An ethnographic research study is the best way to capture key findings and data from people when they are in a natural setting. Our remote video and field-based ethnography services are aimed at uncovering commentary from people when they are at home, at work, when using a portable device, or as they perform everyday tasks. Observing and questioning people in their real-world environment enables the research to be completed in the context of a realistic situation and yields specific cultural, social, and behavioral findings that might be missed by other research methodologies.
Some examples include:
Mobile Ethnography – When you’re looking to enable users to capture video on their own in specific environments. We have all the tools to allow for self-reporting via video using GoToMeeting, iTracks, or Vidlet and this can speed up a project timeline & cut travel costs.
Contextual Interviews – Excellent for presenting people with ideas or user scenarios before starting a marketing effort or finalizing business objectives. We’ve used this methodology while visiting doctors’ offices, observing office workflow, and understanding the daily tasks of building managers.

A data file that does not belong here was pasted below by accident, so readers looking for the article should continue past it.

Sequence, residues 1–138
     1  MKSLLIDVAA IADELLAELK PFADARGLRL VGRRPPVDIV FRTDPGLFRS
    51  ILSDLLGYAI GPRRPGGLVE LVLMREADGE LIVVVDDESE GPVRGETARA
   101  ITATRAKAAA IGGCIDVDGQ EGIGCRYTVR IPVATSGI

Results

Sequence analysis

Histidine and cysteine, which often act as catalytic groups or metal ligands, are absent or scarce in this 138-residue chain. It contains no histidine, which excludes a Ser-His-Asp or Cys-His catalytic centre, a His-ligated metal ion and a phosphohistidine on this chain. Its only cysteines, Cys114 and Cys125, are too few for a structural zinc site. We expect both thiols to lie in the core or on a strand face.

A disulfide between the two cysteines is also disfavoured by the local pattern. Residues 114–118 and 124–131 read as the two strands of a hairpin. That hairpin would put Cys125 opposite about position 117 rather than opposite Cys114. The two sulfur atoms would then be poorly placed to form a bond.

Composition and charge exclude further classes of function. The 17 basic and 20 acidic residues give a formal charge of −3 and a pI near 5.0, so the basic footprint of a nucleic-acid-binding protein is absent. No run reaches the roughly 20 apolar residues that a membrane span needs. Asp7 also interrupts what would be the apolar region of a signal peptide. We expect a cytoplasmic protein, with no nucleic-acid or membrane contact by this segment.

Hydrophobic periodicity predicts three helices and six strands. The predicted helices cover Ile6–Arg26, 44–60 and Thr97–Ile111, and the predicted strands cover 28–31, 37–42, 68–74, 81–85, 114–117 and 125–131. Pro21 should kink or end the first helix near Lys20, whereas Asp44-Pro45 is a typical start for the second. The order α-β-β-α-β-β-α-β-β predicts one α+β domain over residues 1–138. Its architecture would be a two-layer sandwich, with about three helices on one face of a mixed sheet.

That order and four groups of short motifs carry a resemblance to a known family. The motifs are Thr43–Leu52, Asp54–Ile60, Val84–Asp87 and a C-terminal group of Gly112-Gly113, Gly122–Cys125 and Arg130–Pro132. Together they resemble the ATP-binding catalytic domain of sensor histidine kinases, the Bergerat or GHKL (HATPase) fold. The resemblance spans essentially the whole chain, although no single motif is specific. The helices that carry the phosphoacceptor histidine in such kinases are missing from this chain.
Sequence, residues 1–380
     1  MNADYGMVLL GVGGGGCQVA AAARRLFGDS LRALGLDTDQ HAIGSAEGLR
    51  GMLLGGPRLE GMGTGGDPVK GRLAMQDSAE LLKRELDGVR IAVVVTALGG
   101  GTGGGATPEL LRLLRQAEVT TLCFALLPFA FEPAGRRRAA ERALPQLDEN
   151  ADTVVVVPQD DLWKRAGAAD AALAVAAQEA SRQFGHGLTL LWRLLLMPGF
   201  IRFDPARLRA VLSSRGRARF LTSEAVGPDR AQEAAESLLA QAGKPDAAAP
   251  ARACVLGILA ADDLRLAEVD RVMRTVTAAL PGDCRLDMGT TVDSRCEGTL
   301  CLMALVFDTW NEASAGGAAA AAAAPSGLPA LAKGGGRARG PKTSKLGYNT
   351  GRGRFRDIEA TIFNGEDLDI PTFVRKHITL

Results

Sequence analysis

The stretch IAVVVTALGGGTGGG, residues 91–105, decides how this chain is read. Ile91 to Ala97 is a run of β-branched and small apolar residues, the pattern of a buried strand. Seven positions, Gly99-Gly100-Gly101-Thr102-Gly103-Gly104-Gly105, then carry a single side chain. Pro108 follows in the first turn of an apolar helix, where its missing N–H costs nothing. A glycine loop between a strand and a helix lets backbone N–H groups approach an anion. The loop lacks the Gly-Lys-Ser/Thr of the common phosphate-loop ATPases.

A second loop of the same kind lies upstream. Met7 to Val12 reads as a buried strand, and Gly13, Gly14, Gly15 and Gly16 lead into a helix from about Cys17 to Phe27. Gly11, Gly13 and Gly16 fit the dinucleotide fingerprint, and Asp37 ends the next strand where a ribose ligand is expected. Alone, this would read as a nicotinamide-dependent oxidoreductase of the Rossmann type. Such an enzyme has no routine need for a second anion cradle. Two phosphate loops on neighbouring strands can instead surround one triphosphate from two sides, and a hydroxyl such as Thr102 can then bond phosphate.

In-Home Visits – Need to understand how people take care of their pets, apply beauty products, or observe how tech-savvy folks use multiple devices when watching TV? Placing a researcher in a customer’s home is a great way to really see what’s going on and learn how and why people behave in specific ways.
Shop Alongs – This is a great way to “get into the customer’s mind” and understand how they shop, where they shop and the steps they take during their purchasing process. We have specialized glasses and software that can enhance this methodology.
Observational Research – Watching people from a bit of a distance and noting behaviors, recording artifacts and detecting patterns are some of the goals of this style of research. We’ve used this methodology at a large customer service center with 500+ employees to help improve employee efficiency, retention rates and customer satisfaction.
Corporate ethnography isn’t just for innovation anymore. It’s central to gaining a full understanding of your customers and the business itself. Unlike traditional market researchers, who ask specific, highly practical questions, anthropological researchers visit consumers in their homes or offices to observe and listen in a non-directed way. Our goal is to see people’s behavior on their terms, not ours.
Source – HBR March 2009 – Ken Anderson – Anthropologist at Intel Research